Wright Medical (NSDQ:WMGI) wants a federal appeals court to overturn the verdict in the 1st bellwether trial over its Conserve metal-on-metal hip implant, arguing that a new trial is warranted because the jury had 2 bites at the apple.
An Atlanta jury last year awarded plaintiff Robyn Christiansen $1 million in compensatory damages and another $10 million in punitive damages. The jury found Nov. 24 that the Conserve device was defective and that Wright failed to adequately warn patients about its risks.
The 2-week trial was the 1st for the hundreds of product liability lawsuits filed over the Conserve implant that have been consolidated before Judge William Duffey Jr. of the U.S. District Court for Northern Georgia. The jury, which deliberated for 3 days, initially found that the device was not defectively designed and was not defective when it was sold for implantation in Christiansen. But Duffey sent the jury back into deliberation, believing that the finding of no design defect was inconsistent with the jury’s answers to questions that followed, according to court documents.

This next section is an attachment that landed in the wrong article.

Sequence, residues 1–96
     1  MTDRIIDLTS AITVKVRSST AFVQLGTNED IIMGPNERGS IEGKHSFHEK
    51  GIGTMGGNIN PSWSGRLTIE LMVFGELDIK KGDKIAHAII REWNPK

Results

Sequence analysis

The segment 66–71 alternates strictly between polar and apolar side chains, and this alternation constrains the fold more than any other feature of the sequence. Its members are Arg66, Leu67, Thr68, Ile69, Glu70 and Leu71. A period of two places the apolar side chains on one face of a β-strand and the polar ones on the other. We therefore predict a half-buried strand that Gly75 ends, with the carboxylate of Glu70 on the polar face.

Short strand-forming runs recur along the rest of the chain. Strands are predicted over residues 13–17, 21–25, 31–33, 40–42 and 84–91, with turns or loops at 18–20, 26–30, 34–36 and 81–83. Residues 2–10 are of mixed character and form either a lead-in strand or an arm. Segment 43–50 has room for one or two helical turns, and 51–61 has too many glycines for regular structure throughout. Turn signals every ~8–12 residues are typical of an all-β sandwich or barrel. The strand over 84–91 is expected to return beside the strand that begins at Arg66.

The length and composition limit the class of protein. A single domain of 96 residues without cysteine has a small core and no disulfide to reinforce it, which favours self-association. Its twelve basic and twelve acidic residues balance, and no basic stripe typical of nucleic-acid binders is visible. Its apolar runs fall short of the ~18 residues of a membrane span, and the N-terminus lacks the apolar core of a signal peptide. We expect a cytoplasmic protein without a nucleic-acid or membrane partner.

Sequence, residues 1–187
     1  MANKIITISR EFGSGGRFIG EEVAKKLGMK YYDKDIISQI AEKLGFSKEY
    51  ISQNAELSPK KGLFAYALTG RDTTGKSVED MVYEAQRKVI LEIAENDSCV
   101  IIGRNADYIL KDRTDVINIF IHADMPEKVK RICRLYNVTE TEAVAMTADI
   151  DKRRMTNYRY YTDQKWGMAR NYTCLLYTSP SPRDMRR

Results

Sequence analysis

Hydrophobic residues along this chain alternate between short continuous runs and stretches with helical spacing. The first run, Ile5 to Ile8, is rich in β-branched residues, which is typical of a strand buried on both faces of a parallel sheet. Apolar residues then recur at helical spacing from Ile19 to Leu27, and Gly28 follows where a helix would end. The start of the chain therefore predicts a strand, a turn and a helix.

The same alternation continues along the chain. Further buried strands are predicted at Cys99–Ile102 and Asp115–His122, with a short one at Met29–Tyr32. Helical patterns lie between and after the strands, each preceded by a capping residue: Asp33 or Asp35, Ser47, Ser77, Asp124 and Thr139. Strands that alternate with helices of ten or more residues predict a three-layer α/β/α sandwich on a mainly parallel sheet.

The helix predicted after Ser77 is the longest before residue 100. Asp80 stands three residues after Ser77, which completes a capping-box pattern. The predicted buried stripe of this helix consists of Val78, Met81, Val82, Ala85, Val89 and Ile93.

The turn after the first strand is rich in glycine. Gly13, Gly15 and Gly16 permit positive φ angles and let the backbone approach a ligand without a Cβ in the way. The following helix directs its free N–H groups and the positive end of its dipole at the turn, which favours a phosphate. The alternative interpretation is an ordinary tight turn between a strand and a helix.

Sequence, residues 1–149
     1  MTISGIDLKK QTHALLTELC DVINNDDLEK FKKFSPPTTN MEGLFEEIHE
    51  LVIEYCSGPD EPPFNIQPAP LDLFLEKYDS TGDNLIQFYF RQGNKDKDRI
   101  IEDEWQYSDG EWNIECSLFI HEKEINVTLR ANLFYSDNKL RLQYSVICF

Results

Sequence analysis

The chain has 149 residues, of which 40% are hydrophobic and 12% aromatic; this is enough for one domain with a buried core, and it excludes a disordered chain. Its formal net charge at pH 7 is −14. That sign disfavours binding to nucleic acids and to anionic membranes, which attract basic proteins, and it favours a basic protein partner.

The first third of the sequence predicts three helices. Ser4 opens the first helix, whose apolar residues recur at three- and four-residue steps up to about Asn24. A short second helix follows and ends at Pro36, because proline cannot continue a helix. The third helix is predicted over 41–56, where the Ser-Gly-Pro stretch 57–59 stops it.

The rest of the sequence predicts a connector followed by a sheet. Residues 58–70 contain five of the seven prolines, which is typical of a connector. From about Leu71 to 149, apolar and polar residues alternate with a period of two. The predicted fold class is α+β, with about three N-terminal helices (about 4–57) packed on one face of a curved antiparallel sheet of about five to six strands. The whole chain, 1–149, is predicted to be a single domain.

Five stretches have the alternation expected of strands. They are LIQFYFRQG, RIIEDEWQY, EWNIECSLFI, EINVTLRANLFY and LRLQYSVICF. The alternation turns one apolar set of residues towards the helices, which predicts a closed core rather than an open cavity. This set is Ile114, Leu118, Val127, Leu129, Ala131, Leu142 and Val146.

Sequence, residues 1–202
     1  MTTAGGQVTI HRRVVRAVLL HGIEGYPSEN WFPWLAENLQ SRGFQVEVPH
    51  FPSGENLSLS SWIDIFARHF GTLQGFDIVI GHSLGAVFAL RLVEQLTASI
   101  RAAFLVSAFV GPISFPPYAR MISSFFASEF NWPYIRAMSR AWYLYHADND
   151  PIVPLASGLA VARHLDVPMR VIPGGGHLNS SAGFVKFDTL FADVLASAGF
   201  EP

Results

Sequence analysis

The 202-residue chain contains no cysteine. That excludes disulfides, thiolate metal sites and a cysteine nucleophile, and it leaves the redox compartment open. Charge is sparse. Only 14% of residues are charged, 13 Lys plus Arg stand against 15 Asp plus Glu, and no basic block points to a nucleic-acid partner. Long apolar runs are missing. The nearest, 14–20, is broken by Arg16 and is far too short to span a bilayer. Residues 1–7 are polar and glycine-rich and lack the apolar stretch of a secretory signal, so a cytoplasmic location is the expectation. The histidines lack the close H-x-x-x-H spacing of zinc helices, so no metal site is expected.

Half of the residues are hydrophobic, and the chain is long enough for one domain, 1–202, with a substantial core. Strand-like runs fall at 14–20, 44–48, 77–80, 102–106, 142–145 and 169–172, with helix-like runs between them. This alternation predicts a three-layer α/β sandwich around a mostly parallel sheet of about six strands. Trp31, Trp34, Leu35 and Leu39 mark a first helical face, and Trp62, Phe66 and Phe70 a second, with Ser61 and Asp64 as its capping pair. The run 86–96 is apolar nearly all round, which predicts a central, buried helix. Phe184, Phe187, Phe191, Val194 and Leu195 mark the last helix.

Wright filed a motion for judgment as a matter of law, arguing that Duffey was wrong to re-submit the case to the jury after the 1st verdict came down. Although the judge cut the punitive damages award from $10 million to $1 million, he denied Wright’s bid for a new trial.
Yesterday Wright asked the U.S. Court of Appeals for the 11th Circuit to vacate the verdict, claiming that the 1st verdict – that the Conserve device was not defectively designed – should have ended the case.
“Wright Medical is entitled to judgment in its favor or, at the very least, a new trial based on the district court’s handling of the verdicts. There was no inconsistency in the 1st verdict that authorized resubmission. By continuing to answer questions after finding no design defect, the jury acted contrary to law and to the instructions on the verdict form. The jury’s inexplicable changes in the 2nd verdict further reflected a deliberative process that had gone off the rails. Particularly in the context of the first bellwether trial in a large [multi-district litigation], the risk of prejudice to Wright Medical from the handling of the trial weighs strongly in favor of setting aside the judgment,” Wright claimed in its appeal.